Childhood diabetes got its 15 minutes of fame when Sonya Sotomayor was nominated to the Supreme Court in 2009. In a host of interviews and a subsequent memoir published in 2011, she recounted how she was forced to manage the disease herself as a young girl. Her father was an alcoholic and her mother was too frightened to handle the burden of keeping her daughter alive. When she was eight, Sotomayor had to boil water to sterilize a syringe –as required back then– fill it with insulin and then inject herself. She had to figure out how to stick to her rigid diet and measure food on her own. Her parents’ abdication might make them seem pathetic to those unfamiliar with diabetes, but I sympathize with them.
Sotomayor and I were both diagnosed in 1962. Reading about her mortified, intimidated parents made me realize the dread and stress my own parents must have felt when the disease descended on us.
I have told the story of my diagnosis to a succession of therapists over the years, and have spent more than a little time trying to fathom its impact on me. But I am embarrassed to confess that I took the time to consider its impact on my parents, especially my mother, only recently.
By all appearances, I was a healthy second-grader when my grandfather Sholem, my mother’s dad, died in a nursing home in the Bronx in January, 1962. When the news came, I accompanied my parents and older brother on a drive from our home town in the Poconos to my grandmother Pearl’s apartment in New York City. I hadn’t known Sholem well. For several years, he had been nearly incapacitated by hardening of the arteries and Alzheimer’s. My grandmother, though, was a bestower of potato latkes with maple syrup, gifts and Yiddish lullabies, and visiting her was usually a treat.
This time, as soon as we arrived at Pearl’s apartment in Morningside Heights, my mother and grandmother immediately hurtled towards each other in the musty living room, letting loose with wild high screams just before they embraced. This was the first time I had ever heard the sounds of raw grief, and I was terrified. So I ran away, down a high-ceilinged hallway, and hid in my grandfather’s study.
Eventually my parents found me and coaxed me out of the study, but the damage, I’m now convinced, had already been done. That evening, I got an ear ache and began to guzzle massive amounts of black cherry soda. The next morning, there was a scratchy throat and more thirst. Two days later, back in Pennsylvania, our family doctor tested my blood and I was rushed to Babies Hospital in Upper Manhattan, where I received the first of approximately 50,000 insuin injections.
Many people with Type 1 diabetes experience traumatic events shortly before their diagnoses, as I’ve pointed out here. Researchers don’t understand the role of major stress in triggering autoimmune diseases, but I have always assumed that the keening sounds from the women I loved were partly responsible, and even now, flashbacks of that 7-year-old boy fleeing from grief still recur sometimes, of their own accord.
When I returned home from the hospital, the main responsibility for managing my moments fell to my mother. She threw herself at the challenge with what my brother has described as “a frenzy,” determined that I would live a normal small town life and not consider myself irredeemably flawed.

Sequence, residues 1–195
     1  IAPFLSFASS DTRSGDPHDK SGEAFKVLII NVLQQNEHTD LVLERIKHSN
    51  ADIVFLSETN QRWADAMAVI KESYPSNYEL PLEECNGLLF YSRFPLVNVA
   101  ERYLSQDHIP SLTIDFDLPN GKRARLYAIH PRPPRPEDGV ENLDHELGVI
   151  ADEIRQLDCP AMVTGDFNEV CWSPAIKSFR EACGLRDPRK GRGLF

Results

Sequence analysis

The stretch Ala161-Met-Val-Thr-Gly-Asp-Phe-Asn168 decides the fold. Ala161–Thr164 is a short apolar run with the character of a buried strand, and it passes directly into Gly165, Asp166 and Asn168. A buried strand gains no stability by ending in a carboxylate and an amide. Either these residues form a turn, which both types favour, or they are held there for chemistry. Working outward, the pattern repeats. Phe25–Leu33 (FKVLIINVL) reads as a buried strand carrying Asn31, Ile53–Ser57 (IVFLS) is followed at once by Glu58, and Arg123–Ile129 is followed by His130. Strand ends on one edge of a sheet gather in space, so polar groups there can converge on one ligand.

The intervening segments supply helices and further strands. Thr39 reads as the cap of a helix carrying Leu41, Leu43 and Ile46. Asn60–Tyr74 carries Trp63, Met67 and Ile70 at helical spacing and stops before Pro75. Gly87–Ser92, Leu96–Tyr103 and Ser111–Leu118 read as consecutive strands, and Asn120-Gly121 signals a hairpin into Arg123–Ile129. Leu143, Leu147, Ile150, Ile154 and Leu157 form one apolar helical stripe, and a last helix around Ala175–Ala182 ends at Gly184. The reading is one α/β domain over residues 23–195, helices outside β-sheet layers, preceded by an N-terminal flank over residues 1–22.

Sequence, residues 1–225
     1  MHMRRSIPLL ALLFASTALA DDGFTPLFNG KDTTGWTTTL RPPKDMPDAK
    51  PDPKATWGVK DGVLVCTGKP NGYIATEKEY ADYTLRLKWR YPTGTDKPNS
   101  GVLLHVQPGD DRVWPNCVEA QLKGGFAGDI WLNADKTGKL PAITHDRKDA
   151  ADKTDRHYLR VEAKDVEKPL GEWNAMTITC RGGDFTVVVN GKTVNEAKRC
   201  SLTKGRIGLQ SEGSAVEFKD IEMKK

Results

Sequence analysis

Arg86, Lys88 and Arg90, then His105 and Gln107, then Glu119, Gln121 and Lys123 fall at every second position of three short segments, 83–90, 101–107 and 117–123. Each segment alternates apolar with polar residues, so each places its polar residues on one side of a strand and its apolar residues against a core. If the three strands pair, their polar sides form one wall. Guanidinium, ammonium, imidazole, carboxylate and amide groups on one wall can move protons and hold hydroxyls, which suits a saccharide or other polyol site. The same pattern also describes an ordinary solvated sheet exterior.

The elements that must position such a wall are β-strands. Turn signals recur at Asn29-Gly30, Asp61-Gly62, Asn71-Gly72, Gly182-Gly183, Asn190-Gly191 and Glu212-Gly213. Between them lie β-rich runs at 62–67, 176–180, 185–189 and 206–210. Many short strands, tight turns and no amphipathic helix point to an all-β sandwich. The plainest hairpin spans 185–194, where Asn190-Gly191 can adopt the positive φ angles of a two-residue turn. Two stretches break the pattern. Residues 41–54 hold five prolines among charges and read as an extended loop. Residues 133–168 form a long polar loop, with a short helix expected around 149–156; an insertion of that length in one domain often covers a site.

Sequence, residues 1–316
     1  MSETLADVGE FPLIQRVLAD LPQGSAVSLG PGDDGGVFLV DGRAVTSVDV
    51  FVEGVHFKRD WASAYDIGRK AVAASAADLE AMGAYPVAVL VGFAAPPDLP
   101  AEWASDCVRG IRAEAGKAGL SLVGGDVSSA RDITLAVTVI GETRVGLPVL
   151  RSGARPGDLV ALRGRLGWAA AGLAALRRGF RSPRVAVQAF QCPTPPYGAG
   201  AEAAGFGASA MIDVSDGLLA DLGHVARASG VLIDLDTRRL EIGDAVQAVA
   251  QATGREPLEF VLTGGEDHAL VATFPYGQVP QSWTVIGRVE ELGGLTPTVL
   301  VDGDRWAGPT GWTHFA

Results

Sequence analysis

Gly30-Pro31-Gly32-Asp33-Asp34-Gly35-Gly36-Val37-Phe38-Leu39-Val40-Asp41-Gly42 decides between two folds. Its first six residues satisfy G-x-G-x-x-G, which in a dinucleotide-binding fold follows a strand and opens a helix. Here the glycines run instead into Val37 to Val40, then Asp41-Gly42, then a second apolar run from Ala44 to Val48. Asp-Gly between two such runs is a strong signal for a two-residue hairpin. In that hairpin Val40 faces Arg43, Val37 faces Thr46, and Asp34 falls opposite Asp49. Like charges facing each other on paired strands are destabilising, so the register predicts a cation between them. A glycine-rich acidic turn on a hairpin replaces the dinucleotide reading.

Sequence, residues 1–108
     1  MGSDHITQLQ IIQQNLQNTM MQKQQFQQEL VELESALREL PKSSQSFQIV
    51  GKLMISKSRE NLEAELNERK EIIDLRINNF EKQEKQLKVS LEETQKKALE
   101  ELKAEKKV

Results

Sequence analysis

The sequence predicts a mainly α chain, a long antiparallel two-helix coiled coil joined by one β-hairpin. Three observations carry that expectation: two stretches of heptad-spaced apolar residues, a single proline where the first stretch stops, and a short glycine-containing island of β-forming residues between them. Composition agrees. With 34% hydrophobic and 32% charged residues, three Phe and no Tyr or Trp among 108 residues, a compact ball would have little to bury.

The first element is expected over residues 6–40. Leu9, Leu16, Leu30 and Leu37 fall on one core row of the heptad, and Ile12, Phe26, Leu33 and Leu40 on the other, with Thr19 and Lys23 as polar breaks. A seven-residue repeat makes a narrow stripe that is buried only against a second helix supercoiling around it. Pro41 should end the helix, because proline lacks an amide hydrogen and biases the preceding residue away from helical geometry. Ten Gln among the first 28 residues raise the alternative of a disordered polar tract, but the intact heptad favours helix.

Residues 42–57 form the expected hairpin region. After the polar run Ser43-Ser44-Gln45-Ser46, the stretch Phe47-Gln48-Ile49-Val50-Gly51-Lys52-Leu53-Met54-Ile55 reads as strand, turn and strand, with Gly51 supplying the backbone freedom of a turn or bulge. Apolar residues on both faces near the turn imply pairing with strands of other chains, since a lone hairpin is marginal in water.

These days, there is plenty of online advice available for parents of kids with chronic diseases, and some have support groups and mentors. My mother was mostly on her own. She educated cafeteria workers and Cub Scout leaders and baseball coaches about my condition. She gently coaxed me to test my urine in order to gauge my blood glucose, then record the results in a notebook. She figured out dietary exchanges, measured and weighed carbohydrates and proteins to match my insulin dosage, and — without a diabetic cookbook — somehow incorporated them into meals everyone in the family enjoyed. That’s an incomplete, woefully short list.
More than 50 years later, shortly after reading Sotomayor’s account of her parents, while alone in the kitchen and washing some dishes, I suddenly realized something that literally made me shout: “Idiot! Of course!” It had taken too many decades to notice what should have been obvious, and I talked to myself like a second grade teacher scolding an inattentive student: “She’d just lost her daddy!”
There are different ways to mourn. Perhaps the furious activity and obsessive attention to unfamiliar tasks were healthy for her, easing the burden. Sholem’s death had not been unexpected, but she had been close to him and it was still a terrible blow. Before she had a chance to absorb it, when she should have been sitting shiva, that second blow struck.
It was probably more upsetting than the first one. Parents of children with Type 1 diabetes often experience “chronic sorrow,” according to a study in the Journal of Nursing Studies, and “the data indicate that grief experienced by parents…may not have an endpoint.” But my mother never let on that she had been given a double dose of grief while calmly doling out insulin, counting out precise numbers of grapes for my lunchbox, and driving me to Cub Scouts and Hebrew school.
While I had thanked her for many things over the years, until that moment by the sink it had never occurred to me to feel grateful for her response to the diagnosis. I had taken her help for granted. And while I had been aware of other suffering that had been foisted upon her –the sudden death of my father when she was 39, a troubled second marriage, a Russian novel’s worth of other difficulties — the diabetes had always been my problem, a central part of my narrative, not hers.
“Gratitude,” according to a French proverb, “is the memory of the heart.” I can attest that more than half a century after an event, the memory can come of its accord, and it can linger, with no endpoint.
Originally published, in a different form, in Huffington Post.